Confederate Memorial State Historic Site commemorates the more than forty thousand Missouri soldiers who fought for the Stars and Bars. In the 1880's veterans, organized as the Ex-Confederate Association of Missouri, came together to relive old times and to consider the plight of the less fortunate among them. In 1889, at their encampment in Higginsville, they incorporated a Confederate Home Association to select a site and seek funding for a home for their brethren. The following year, they purchased a 360 acre farm north of Higginsville.
Seeking a way to aid the cause of the Confederate Home, Mrs. Abner Cassidy of St. Louis invited nearly one hundred women to the Southern Hotel in January 1891 to organize the first Missouri chapter of the Daughters of the Confederacy. They promoted a plan for selling tickets at ten cents a piece, each ticket representing a “brick in the Confederate Home”. The idea caught on and soon there were Daughters of the Confederacy in many Missouri communities and then in other states, leading in 1894 to the establishment of a national organization: the United Daughters of the Confederacy. The Home opened in March of 1891 and the main building was completed and dedicated in 1893. The Daughters in conjunction with the Ex-Confederate association subsequently built a hospital, a chapel and several other buildings. In addition, the Daughters commissioned a handsome granite Lion of Lucerne monument for the cemetery, erected in 1906.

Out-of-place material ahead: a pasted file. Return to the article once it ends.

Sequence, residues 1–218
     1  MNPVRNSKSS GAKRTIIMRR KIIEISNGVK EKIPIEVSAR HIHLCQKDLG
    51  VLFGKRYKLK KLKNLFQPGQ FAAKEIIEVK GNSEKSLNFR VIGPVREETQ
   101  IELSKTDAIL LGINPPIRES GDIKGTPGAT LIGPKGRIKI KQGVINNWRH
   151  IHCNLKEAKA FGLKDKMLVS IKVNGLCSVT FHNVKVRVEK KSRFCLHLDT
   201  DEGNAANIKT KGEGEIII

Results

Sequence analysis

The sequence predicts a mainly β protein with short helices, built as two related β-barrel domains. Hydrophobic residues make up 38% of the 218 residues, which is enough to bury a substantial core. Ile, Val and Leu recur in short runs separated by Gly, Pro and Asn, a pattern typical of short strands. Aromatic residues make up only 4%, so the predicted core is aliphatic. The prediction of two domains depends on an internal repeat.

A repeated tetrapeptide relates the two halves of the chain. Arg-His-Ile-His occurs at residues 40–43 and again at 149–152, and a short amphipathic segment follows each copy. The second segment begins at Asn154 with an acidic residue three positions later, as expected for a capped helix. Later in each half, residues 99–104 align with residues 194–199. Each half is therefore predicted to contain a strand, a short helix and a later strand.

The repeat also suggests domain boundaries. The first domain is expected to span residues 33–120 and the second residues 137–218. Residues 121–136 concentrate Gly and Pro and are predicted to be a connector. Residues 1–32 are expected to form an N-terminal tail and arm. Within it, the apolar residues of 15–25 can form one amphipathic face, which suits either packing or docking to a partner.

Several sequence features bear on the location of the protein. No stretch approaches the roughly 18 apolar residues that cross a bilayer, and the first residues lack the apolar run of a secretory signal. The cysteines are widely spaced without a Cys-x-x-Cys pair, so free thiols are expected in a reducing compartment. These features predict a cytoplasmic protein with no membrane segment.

Most impressive today is the carefully manicured cemetery, with its more than 800 graves of veterans and widows, a solemn reminder of loyalty and pride.